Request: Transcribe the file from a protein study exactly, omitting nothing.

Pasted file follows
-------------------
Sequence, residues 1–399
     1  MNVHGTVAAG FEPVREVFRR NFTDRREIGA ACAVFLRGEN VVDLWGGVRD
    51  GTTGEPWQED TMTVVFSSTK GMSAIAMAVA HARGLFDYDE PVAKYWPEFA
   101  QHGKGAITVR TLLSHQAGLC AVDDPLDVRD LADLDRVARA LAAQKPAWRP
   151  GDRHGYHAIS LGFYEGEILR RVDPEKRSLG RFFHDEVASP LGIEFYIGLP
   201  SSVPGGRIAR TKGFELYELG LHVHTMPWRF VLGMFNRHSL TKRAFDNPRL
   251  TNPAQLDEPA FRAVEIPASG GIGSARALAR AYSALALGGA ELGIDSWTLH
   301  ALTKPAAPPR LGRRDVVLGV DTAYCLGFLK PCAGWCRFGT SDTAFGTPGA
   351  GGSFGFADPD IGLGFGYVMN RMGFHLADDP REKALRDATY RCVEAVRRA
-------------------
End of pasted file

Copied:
Sequence, residues 1–399
     1  MNVHGTVAAG FEPVREVFRR NFTDRREIGA ACAVFLRGEN VVDLWGGVRD
    51  GTTGEPWQED TMTVVFSSTK GMSAIAMAVA HARGLFDYDE PVAKYWPEFA
   101  QHGKGAITVR TLLSHQAGLC AVDDPLDVRD LADLDRVARA LAAQKPAWRP
   151  GDRHGYHAIS LGFYEGEILR RVDPEKRSLG RFFHDEVASP LGIEFYIGLP
   201  SSVPGGRIAR TKGFELYELG LHVHTMPWRF VLGMFNRHSL TKRAFDNPRL
   251  TNPAQLDEPA FRAVEIPASG GIGSARALAR AYSALALGGA ELGIDSWTLH
   301  ALTKPAAPPR LGRRDVVLGV DTAYCLGFLK PCAGWCRFGT SDTAFGTPGA
   351  GGSFGFADPD IGLGFGYVMN RMGFHLADDP REKALRDATY RCVEAVRRA